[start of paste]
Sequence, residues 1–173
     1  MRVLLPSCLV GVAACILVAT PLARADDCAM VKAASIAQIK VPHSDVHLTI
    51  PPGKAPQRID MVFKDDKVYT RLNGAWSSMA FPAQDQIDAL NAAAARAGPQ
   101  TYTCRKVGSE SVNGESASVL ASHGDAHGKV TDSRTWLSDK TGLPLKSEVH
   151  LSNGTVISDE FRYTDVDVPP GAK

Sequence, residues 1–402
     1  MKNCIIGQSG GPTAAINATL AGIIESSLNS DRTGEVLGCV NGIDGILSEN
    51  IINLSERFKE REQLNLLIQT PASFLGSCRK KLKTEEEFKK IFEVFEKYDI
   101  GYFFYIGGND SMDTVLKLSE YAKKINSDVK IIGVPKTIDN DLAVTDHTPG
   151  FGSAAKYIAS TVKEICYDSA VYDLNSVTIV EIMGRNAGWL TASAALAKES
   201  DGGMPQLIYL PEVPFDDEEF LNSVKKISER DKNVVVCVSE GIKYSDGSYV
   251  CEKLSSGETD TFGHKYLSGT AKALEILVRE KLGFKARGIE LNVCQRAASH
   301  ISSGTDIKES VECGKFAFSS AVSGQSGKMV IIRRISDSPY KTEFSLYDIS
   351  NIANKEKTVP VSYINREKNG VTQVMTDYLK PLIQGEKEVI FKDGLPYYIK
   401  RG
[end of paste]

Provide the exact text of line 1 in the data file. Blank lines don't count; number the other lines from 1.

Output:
Sequence, residues 1–173